4. Finally, RFC 9002 focuses on how to deal with loss detection, and how to implement congestion control on QUIC. While this is obviously very important if you want to use QUIC on anything that isn’t your own laptop alone, for the moment I haven’t delved much into the details of this specific document (I plan to do this at a later stage), since I wanted to understand the basics of the protocol first.

As you can understand, trying to study QUIC just from the RFCs is a titanic endeavour. It’s by no means impossible, but it’s very hard: information is spread across different documents, that reference each other all the time, which means you never know where to start from, how much is given for granted, and so on and so forth.

Luckily, there are plenty of resources to dip your toes in QUIC as a complete newbie (as I arguably was). One in particular that I found incredibly helpful was a couple of blog post that Andy Pearce wrote on the subject: specifically, Andy wanted to implement his own HTTP/3 stack, and so wrote a very detailed blog post introducing how QUIC works first, followed then by another very useful blog post on HTTP/3 itself (and its mapping to QUIC).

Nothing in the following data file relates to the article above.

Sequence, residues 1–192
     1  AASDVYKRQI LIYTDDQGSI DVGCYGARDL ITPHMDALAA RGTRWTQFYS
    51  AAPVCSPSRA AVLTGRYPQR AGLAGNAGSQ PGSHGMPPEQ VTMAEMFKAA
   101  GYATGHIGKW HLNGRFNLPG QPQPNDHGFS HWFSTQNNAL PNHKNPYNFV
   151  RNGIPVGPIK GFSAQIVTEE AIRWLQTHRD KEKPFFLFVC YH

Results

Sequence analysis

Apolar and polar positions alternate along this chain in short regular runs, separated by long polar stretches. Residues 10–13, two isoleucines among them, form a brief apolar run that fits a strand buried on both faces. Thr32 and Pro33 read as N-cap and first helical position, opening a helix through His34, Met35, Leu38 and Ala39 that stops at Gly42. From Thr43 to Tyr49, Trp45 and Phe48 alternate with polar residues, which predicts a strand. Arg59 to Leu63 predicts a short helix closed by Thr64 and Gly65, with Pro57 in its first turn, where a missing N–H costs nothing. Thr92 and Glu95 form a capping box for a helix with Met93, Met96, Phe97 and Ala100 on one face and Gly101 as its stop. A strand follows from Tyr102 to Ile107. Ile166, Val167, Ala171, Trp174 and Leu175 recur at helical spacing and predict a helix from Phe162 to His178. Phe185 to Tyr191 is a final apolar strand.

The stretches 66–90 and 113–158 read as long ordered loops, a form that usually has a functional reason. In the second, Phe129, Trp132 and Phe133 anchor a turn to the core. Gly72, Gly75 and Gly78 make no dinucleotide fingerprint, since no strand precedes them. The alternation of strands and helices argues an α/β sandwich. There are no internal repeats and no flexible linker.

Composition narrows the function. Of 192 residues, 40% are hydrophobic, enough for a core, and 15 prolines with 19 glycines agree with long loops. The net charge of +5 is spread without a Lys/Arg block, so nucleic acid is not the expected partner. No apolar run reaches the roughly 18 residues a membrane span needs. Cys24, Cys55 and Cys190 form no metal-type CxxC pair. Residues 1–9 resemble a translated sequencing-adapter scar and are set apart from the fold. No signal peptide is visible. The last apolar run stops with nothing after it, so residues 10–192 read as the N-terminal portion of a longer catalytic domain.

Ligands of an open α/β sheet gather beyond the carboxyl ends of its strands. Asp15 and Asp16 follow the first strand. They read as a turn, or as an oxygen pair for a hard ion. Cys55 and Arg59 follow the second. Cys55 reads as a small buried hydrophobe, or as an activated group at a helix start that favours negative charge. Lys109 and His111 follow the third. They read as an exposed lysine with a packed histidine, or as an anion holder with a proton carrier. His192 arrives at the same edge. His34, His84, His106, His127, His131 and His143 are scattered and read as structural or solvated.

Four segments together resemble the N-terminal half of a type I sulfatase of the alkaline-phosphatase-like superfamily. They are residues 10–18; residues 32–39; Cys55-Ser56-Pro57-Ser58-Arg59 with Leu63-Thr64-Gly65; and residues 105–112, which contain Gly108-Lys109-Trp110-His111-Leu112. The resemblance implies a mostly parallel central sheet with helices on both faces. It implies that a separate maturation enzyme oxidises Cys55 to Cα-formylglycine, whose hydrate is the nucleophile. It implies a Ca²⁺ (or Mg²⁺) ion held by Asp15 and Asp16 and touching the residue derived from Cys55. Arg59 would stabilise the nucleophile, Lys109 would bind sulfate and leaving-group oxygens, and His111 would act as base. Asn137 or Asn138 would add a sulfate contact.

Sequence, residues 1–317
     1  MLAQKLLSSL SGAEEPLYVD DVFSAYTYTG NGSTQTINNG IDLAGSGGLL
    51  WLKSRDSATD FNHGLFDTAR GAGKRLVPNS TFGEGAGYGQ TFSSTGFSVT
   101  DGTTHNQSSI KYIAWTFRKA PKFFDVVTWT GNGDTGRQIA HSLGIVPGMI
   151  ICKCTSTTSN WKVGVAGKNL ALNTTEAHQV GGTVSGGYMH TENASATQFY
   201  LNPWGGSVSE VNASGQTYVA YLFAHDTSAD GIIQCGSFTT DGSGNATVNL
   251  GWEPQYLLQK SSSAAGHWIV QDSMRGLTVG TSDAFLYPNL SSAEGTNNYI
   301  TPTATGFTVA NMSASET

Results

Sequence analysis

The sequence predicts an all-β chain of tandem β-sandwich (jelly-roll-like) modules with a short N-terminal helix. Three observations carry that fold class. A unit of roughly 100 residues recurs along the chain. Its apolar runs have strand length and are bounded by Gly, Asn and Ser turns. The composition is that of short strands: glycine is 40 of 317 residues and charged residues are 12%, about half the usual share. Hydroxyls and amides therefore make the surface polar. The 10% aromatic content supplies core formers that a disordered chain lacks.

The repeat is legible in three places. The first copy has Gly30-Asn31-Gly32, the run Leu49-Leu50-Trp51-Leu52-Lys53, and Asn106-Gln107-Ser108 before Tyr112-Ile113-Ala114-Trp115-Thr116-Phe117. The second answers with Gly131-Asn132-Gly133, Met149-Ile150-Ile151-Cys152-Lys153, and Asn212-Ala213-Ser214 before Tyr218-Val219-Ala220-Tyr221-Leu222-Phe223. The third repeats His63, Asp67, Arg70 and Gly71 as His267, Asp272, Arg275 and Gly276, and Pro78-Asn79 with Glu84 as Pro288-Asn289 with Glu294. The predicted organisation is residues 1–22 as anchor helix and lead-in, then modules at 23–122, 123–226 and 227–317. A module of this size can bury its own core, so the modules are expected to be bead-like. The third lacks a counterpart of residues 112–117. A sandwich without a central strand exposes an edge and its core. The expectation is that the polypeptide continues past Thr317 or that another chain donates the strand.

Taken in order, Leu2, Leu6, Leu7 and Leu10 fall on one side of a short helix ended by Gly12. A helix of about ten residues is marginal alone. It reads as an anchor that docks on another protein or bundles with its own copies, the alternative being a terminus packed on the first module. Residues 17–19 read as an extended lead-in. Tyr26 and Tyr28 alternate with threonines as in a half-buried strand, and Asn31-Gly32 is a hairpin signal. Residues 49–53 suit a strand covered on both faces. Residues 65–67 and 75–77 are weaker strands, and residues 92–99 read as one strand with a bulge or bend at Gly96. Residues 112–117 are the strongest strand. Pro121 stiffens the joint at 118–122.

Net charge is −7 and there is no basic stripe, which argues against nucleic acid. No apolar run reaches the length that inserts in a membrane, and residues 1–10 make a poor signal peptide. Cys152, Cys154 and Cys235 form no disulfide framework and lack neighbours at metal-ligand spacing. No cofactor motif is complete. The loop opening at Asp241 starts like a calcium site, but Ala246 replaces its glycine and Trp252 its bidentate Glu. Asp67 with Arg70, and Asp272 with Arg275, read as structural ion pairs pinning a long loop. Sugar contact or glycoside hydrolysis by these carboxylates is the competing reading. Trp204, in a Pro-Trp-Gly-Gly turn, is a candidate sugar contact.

The first post really is a golden trove of information, that I can’t recommend enough to people completely new to QUIC. While high level enough when it needs to be, it’s also very detailed any time it goes into specifics, e.g., in terms of how connections are established in the first place and how encryption/protection of all packets works (spoiler alert: it will give you a headache!), how ACK work in QUIC, the basics of STREAM for sending and receiving data, and so on and so forth. I won’t delve too much into the details of this (again, I strongly recommend you read Andy’s post to have a better understanding of those parts). Suffice it to say that, after reading it, I felt confident enough to try and implement a very basic QUIC message parser, and so write my very first QUIC related code ever.

Writing code already? Why?!